Container technology has been around for quite a while now. Most people would by now have heard about Docker, and a lot of people are using Docker. What about VMware Photon? What’s that? Well again, I’d say that it’s been around for a while, however while people have been raving on about Docker and the container revolution, VMware has been working on their own implementation of container technologies as well as products that utilise and integrate with existing container technologies, such as Docker. At VMworld Europe 2016, VMware announced vSphere 6.5 and one feature that has caught my attention in this release (apart from the long overdue vSphere HTML5 Client) is vSphere Integrated Containers, or simply, VIC. At the moment I’m trying to make sense of all these technologies, how (and if) they fit together and where you would want to use each one.
In the last 6 months, I've done quite a bit of vRA6, 7 and vRO. During this time, I've had to learn quite a bit about both products, and how they interact with each other and with other REST based APIs, such as ServiceNow. Having been set in my ways in vRA 6 of using workflow stubs to break out to vRO in order to extend vRA functionality, I was concious of the fact that VMware will be removing .NET workflow stubs in future releases of vRA 7, and that the preferred method of extending out to vRO in vRA7 is to make use of the event broker service. Also, vRA7 makes use of converged blueprints, which from an extensibility point of view, actually means that we have to do things slightly differently in code than what we got used in in vRA/vRO6.
In VMware vRealize Automation 7 (vRA), blueprints are converged, rather than the single vs. multi machine blueprints that we were used to in vRA6. This presents an interesting challenge when requesting new catalog items from vRO.
In vRA6, if you wanted to request a new catalog item from vRO, you would run the “Request catalog item” workflow and simply pass any property values along with your request and those property values would be applied to the resulting item in vRA. For instance, when requesting a new VM with 2 vCPUs specified as part of the request, you could specify the following custom property in as part of the request from vRA6:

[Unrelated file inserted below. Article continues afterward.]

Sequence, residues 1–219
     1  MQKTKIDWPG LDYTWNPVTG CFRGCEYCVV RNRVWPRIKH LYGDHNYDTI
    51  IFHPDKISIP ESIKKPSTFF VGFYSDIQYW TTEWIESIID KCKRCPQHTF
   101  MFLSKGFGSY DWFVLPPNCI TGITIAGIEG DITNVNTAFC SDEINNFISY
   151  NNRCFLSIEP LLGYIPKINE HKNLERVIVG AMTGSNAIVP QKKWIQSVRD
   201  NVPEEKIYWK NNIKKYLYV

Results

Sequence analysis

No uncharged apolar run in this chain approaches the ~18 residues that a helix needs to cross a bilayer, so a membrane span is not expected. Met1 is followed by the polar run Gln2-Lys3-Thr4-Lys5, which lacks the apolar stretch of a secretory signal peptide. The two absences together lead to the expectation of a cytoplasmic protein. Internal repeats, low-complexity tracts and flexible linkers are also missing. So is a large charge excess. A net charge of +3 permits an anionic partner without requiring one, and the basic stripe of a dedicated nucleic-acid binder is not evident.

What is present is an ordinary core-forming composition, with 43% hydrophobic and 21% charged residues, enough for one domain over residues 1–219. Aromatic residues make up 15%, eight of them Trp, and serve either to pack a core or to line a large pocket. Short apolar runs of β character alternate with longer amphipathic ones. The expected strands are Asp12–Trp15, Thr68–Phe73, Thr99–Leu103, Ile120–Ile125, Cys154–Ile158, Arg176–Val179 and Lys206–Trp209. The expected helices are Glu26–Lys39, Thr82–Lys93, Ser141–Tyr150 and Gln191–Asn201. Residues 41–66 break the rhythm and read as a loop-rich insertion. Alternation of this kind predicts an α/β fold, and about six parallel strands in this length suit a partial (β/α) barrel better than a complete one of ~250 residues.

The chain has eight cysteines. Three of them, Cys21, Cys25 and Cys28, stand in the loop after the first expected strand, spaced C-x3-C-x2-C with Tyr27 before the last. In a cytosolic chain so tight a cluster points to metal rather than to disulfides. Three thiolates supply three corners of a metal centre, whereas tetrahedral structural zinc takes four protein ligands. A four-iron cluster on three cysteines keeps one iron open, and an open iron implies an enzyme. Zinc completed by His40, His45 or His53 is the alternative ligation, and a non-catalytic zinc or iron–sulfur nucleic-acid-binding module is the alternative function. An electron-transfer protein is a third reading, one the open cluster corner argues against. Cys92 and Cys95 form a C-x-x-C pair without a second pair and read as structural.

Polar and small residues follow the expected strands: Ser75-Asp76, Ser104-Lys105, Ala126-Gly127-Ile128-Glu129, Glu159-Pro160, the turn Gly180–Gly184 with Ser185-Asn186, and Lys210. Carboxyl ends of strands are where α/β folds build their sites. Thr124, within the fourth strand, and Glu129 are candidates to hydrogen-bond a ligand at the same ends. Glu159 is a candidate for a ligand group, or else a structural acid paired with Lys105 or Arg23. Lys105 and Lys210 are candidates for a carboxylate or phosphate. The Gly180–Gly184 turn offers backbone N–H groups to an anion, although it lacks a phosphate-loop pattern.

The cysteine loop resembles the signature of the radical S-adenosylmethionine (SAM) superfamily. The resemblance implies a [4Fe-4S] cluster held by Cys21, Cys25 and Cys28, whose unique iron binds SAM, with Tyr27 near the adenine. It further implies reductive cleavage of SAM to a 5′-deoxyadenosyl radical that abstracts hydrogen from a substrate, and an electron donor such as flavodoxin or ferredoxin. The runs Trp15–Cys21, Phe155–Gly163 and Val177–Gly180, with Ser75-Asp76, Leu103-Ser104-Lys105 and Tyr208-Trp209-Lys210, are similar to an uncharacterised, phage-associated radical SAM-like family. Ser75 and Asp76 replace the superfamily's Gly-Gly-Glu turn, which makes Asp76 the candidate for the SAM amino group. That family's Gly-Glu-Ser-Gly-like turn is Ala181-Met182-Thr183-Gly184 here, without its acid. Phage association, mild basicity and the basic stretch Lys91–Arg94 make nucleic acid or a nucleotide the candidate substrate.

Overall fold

provider-VirtualMachine.CPU.Count = 2;
In vRA7, you could still use the “Request a catalog item” workflow, however you’ll find that the “provider-<propertyName>“ properties passed with the request are not honoured and will have no effect on the resulting virtual machine. The reason this is happening is because of the converged blueprint. You now need to specify the VM for which the property value is mean to be set. It’s no longer assumed that you only have one virtual machine as part of your blueprint.
So, you've done all the hard work to change your Hyperic Server certificate (or not). Now you browse to your Hyperic server's management page via HTTPS on port 7443 and you're presented with this uninspiring message from your browser:
I've been working intensively with the VMware vRealize product suite over that past 4 months, including Hyperic. One of the things we have to do on our current project is to replace the Hyperic server certificate whenever a new Hyperic instance is introduced into the environment. This is a relatively straight forward task, but one that consists of quite a few steps. In this blog post, I've documented exactly how to go about replacing Hyperic server certificates.
I have identified an issue in Log Insight 2.5 where alerts passed via email or to vROPS contain the following text in the message:
“Notification event – The worker node sending this alert was unable to contact the standalone node. You may receive duplicate notifications for this alert.”
I also confirmed that DNS resolution and reverse lookup functions are working as expected. I was also able to reproduce this issue successfully in a lab environment, with DNS working correctly.